Patient-centered care requires considering your patients’ wants and needs in their management. ALL patients deserve person-centered care.
The modern healthcare climate doesn’t look the same as it did twenty years ago when I began my practice as a nurse in the Deep South. Primary care providers knew their clients, rounded on them at the hospital, and followed them throughout their lives. In the contemporary world of fragmented care, this patient-centered approach is supported in the empirical literature, but it’s harder to build trusting, long-term relationships with patients. This is true particularly with LGBTQ patients.
LGBTQ people are at high risk for health disparities, and failure to disclose is often because of a lack of trust and fear. This disparity has increased amid the global pandemic and LGBTQ individuals face even more challenges. According to the Human Rights Campaign’s (HRC) recent research brief, more than five million LGBTQ folks are more likely to work in jobs that place them at higher risk for COVID-19. LGBTQ people have higher rates of poverty, more frequent gaps in healthcare coverage, and 37% of LGBTQ adults abuse tobacco products compared to 27% of non-LGBTQ people.
When supporting patients who identify as LGBTQ, healthcare professionals must:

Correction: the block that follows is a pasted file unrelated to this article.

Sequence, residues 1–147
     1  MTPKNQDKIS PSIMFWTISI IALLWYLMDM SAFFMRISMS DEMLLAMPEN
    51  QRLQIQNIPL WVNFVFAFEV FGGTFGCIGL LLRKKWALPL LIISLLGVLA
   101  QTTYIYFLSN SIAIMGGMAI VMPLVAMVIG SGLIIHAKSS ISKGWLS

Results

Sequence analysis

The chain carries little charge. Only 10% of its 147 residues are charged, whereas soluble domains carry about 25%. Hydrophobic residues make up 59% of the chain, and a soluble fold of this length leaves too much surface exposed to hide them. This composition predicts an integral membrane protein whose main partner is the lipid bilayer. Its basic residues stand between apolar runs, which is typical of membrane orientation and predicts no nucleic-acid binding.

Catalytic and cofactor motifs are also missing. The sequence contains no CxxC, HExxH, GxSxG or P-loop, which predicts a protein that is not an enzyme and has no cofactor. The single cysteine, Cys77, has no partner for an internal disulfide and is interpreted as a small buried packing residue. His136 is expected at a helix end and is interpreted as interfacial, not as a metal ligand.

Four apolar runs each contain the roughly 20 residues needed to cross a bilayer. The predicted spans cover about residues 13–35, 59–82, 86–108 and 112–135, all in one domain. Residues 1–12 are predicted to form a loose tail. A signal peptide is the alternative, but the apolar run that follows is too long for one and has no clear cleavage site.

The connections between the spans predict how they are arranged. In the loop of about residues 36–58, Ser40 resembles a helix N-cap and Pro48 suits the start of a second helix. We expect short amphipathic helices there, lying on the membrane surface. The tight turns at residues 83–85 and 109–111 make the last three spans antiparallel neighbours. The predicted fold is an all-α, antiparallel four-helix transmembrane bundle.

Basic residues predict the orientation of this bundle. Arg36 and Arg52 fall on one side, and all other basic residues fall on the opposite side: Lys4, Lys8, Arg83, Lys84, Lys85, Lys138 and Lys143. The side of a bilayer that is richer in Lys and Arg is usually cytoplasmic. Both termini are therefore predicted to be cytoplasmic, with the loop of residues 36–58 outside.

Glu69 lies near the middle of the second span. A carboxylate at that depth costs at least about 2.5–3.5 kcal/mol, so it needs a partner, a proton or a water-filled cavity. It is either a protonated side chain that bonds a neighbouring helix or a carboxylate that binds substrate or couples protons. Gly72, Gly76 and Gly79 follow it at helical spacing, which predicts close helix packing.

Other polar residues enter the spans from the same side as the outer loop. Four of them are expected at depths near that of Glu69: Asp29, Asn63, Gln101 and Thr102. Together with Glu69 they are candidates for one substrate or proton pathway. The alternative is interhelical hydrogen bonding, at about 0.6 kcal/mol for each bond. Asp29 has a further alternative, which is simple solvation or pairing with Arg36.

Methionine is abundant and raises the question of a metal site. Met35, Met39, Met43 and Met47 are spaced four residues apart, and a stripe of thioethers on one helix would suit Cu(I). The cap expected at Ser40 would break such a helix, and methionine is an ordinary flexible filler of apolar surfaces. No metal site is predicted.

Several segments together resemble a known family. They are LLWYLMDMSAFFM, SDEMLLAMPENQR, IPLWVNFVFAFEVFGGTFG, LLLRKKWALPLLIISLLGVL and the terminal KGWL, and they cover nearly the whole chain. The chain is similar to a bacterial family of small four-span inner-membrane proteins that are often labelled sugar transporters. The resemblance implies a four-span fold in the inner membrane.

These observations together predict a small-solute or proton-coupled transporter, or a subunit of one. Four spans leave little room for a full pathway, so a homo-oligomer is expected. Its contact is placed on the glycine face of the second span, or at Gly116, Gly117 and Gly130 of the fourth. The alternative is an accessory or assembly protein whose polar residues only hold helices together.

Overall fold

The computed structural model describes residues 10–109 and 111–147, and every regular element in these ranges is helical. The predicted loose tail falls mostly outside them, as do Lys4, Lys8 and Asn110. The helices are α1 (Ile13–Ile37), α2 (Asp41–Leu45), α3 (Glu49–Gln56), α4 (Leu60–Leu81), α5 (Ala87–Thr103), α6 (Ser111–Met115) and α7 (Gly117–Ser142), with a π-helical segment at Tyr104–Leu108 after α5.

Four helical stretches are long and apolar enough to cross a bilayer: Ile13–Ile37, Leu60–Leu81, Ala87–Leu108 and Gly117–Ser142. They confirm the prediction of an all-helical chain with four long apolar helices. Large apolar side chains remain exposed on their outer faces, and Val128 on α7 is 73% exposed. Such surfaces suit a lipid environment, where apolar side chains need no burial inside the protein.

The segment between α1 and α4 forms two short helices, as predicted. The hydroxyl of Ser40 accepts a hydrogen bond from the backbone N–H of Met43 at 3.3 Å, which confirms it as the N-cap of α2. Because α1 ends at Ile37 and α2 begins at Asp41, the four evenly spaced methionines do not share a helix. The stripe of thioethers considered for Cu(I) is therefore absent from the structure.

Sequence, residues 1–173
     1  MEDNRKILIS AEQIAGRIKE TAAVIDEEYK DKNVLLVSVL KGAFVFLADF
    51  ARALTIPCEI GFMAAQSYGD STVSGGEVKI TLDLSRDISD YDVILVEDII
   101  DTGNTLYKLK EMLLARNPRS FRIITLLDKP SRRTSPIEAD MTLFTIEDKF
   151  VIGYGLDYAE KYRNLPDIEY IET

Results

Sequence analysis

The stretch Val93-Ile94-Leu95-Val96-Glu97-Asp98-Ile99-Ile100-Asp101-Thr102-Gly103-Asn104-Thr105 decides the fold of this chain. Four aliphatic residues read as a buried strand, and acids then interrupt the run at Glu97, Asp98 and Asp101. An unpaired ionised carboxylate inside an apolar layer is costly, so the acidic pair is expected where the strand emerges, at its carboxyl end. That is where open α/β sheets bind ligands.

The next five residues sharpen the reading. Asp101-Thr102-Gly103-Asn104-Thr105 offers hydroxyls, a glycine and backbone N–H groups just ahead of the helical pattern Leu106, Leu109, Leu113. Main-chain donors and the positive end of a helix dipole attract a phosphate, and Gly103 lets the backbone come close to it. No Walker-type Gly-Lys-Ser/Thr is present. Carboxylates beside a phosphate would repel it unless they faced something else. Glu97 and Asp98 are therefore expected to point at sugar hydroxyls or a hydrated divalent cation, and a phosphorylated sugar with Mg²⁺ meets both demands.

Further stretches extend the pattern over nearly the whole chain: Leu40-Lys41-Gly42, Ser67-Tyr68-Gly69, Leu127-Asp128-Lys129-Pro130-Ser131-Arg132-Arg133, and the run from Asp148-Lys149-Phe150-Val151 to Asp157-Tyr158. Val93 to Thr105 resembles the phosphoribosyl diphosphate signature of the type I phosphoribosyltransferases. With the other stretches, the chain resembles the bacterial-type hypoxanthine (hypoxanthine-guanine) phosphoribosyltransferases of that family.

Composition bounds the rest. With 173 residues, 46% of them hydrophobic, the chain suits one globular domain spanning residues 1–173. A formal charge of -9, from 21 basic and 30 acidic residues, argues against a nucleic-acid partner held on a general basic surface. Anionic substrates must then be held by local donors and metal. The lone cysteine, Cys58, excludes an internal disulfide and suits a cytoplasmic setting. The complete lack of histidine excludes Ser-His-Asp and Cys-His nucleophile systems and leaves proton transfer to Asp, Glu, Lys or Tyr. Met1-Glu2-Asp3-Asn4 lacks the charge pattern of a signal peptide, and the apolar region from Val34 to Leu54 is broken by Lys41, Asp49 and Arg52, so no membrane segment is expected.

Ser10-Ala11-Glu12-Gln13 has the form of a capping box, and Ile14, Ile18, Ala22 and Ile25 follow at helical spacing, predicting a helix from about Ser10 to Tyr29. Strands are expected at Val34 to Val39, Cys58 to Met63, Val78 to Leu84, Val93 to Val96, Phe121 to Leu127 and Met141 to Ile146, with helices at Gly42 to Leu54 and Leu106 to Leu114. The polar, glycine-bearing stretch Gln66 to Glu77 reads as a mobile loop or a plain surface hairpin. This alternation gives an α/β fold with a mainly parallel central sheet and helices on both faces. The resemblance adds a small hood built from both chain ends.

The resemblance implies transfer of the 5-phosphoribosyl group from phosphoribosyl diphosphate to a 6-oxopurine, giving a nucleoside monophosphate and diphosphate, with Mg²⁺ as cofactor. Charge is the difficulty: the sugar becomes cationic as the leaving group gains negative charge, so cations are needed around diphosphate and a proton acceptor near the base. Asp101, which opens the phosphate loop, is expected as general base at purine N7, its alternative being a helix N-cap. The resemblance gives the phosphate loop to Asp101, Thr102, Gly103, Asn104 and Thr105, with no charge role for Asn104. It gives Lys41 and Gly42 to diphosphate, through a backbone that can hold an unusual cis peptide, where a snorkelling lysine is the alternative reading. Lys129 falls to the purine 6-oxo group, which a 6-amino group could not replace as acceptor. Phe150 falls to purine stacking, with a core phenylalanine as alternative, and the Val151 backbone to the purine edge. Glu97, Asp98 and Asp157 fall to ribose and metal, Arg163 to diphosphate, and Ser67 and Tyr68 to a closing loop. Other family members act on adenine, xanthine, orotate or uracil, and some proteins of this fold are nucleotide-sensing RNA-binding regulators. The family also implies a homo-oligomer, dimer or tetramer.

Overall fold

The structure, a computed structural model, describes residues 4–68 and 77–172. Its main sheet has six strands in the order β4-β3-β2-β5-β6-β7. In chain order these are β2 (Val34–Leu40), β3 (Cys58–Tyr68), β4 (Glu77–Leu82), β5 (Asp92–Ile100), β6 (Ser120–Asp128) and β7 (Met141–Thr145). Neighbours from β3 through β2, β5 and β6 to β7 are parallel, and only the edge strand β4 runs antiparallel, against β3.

1. Build rapport by inquiring about pronouns.
Then, take the time to explain your inclusion policies or practices. Also ask about the person’s willingness to establish a long-term relationship and describe the benefits of this.
2. Assess for health determinants.
Obtain a full health history, including sexual history, social support network, employment history, economic status, health insurance status, screen for depression and suicide risk, and ask if they use drugs.
3. Offer specific LGBTQ resources.
Check out www.outcarehealth.org for state-by-state LGBTQ-centered resources and offer to make referrals as appropriate.
4. Create a patient-centered plan.
Work with your patient to establish a plan that works for them, not for you. This vital step ensures ongoing self-efficacy and improved health outcomes.
5. Follow-up with your patients.
Nothing builds trust like following up when you say you will. During the COVID-19 pandemic, take full advantage of the telemedicine for easy follow-up.
Providing culturally appropriate inclusive care to LGBTQ people amid the global pandemic can save LGBTQ lives and is achievable through person-centered care.